Long Term Care Insurance - Medicare vs Medicaid, What’s the Difference?

Long Term Care Insurance

As National Long Term Care Insurance Awareness Month comes to a close, I thought I’d do one final related topic on the subject long term care insurance, Medicaid and Medicare. Sometimes there is some confusion between the difference of Medicare and Medicaid. Medicare is basically your health insurance in your retirement years, thanks to Uncle Sam. It pays for your doctor’s visits, your medication and any surgeries or hospitalizations you might need. Just remember one very important fact: Medicare is extremely limited as to what it covers for “custodial care”. This is why the long term care insurance industry exists. Medicare will typically pay for the first 20 days of your custodial care, then there is a deductible from day 21 to 100, after that you’re on your own and self funding.

But what about Medicaid? When you hear this term, in your mind, it may be synonymous with the term “welfare”. If you apply for Medicaid with the state, you are basically telling the state that you cannot afford health insurance and need their help. However, while the state is willing to do this, you’re going to have to prove this. If you apply for Medicaid, the state will do a financial audit. If you haven’t spent your assets down to the state thresholds that are set, then you won’t be eligible.

So what are those financial thresholds? The states set the thresholds for eligibility and every state is different. Medicaid was created in 1965 and it is a program that is financed jointly by both the federal and state governments. To the point that in some states it’s not even called Medicaid. In California, it’s called MediCAL. In Pennsylvania it’s called “Medical Services”.

The eligibility rules for Medicaid are complex and vary widely from state to state. They typically are linked to both your income and other factors such as family or disability status. The one thing to be aware of is what is referred to as the “look back period”. This is the length of time in which Medicaid will look back to review your financial records to determine your eligibility. For the most part nationally, this look back period is 5 years. In some states, like New Hampshire, there is an unlimited look back period.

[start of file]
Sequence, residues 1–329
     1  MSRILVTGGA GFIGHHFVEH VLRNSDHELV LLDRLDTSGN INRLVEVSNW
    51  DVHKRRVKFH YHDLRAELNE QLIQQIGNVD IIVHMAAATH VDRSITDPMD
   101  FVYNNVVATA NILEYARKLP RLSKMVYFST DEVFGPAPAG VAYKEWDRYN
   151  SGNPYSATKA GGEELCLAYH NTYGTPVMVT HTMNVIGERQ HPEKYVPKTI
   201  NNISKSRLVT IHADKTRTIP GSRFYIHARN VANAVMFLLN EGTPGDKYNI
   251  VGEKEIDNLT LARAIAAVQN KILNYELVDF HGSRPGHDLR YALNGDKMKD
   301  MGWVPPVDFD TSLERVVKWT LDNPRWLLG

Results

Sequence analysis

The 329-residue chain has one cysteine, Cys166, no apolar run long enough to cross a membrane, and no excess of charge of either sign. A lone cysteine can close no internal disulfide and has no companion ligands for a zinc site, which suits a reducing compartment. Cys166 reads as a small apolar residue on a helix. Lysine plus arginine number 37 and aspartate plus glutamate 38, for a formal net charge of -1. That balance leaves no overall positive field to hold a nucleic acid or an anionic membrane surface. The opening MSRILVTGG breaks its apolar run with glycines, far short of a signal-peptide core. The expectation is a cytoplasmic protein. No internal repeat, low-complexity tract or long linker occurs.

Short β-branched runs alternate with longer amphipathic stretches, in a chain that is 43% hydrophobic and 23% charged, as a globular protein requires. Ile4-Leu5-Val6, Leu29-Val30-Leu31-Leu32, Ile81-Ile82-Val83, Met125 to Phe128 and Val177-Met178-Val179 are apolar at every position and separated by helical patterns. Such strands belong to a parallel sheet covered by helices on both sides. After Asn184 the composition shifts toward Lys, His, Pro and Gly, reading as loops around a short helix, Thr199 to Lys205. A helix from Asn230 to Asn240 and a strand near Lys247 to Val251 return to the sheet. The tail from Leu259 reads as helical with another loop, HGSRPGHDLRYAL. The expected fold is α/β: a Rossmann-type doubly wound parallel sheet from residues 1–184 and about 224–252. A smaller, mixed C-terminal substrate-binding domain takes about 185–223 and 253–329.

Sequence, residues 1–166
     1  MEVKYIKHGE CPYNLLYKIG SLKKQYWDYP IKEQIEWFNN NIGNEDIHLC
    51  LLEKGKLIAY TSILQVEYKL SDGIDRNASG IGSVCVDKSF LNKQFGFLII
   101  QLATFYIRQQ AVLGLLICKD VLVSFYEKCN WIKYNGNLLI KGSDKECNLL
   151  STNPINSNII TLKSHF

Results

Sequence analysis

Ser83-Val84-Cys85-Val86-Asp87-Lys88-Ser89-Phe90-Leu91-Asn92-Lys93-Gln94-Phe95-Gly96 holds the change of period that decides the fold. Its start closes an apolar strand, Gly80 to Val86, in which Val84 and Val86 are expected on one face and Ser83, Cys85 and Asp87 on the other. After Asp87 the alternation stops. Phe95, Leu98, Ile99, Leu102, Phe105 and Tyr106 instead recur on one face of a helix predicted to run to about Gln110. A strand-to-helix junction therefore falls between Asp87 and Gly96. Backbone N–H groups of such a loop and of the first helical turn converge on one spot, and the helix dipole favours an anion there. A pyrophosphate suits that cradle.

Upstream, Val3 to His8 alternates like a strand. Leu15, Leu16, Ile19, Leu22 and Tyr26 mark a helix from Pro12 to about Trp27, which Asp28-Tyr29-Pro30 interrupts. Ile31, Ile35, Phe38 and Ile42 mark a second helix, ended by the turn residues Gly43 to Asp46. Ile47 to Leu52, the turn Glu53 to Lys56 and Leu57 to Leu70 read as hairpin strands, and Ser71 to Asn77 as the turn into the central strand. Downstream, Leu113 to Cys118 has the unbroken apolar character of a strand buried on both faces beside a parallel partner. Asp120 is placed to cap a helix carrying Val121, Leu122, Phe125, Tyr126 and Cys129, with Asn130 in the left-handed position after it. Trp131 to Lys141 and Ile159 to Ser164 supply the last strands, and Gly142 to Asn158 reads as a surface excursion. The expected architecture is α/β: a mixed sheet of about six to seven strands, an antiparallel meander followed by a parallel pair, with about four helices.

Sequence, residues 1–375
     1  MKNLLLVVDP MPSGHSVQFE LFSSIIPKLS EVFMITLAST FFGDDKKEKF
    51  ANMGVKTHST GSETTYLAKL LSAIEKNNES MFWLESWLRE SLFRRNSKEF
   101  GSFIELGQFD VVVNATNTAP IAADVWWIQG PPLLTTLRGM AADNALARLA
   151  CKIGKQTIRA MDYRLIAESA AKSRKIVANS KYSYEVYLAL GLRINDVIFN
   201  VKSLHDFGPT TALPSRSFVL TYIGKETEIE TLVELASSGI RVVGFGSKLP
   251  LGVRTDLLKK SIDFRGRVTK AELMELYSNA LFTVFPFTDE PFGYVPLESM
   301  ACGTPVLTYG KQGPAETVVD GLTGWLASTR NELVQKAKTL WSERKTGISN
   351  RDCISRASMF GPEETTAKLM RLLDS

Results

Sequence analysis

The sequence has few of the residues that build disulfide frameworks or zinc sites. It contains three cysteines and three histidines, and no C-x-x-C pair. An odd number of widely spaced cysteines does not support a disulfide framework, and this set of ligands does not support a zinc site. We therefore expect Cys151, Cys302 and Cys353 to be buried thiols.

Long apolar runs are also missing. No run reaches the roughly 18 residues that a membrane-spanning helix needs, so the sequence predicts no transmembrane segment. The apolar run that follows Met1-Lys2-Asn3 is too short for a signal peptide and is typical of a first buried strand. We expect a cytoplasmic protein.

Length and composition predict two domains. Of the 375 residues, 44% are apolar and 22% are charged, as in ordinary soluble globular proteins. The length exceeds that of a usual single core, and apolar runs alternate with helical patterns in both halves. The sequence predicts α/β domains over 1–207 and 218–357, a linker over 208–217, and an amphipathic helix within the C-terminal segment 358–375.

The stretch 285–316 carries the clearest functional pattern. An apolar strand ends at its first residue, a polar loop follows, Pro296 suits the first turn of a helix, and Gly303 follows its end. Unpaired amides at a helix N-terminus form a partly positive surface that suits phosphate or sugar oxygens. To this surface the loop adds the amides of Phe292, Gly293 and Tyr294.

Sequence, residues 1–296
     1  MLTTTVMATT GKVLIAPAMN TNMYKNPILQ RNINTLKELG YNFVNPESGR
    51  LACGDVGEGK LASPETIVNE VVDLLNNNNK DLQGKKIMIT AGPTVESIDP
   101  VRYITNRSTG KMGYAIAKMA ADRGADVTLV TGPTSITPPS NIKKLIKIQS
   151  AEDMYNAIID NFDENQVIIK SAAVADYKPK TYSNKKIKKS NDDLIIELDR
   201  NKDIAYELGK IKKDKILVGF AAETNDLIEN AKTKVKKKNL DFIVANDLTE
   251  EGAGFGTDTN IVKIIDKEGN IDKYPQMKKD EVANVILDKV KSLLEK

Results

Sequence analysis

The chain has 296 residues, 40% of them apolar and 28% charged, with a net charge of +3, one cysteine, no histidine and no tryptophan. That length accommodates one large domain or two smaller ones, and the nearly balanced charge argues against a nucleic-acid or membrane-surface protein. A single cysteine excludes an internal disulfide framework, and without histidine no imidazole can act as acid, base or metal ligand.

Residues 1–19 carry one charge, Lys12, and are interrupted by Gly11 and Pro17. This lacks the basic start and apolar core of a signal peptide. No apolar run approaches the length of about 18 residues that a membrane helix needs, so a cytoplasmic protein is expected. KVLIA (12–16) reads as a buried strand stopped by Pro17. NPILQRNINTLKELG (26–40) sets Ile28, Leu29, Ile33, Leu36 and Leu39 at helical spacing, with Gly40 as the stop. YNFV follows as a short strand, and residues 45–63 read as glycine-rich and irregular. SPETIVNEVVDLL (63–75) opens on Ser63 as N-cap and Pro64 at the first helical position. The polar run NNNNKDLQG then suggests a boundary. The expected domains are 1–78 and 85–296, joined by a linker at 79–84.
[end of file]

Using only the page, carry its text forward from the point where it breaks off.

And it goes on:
Many times you think of estate planning lawyers as source to help you secure your assets. One of the first things they are looking to evaluate is what your tangible assets are, should you end up in a Medicaid scenario. For example, if you’re married, own a home and one of you goes into a nursing home on Medicaid, they can’t put a lien on the house because the opposite spouse is still living there. In some states they refer to this as the “spouse in the house” rule. However, if the second spouse goes in, then in most states, the home is an asset that is counted for Medicaid.

So the gist of this blog is to really bring out the differences between Medicare and Medicaid, with a high recommendation to consider a meeting with an estate planning lawyer to have an “end” game plan in place. You often hear people say their parents lost their home to the nursing home. Financial planning is key to preserving and protecting all the assets you have accumulated over the years. 

About the author: Mark Yurkovic has been in the life insurance business for over 12 years, and holds CLTC, LUTCF, and CES designations. He enjoys building remote control boats, and playing instruments including the piano, guitar, banjo, and mandolin. Mark would love to discuss life insurance options and work towards finding the best policy fit for your family. You can contact Mark at 1-800-651-1953 or MYurkovic@Pivot.com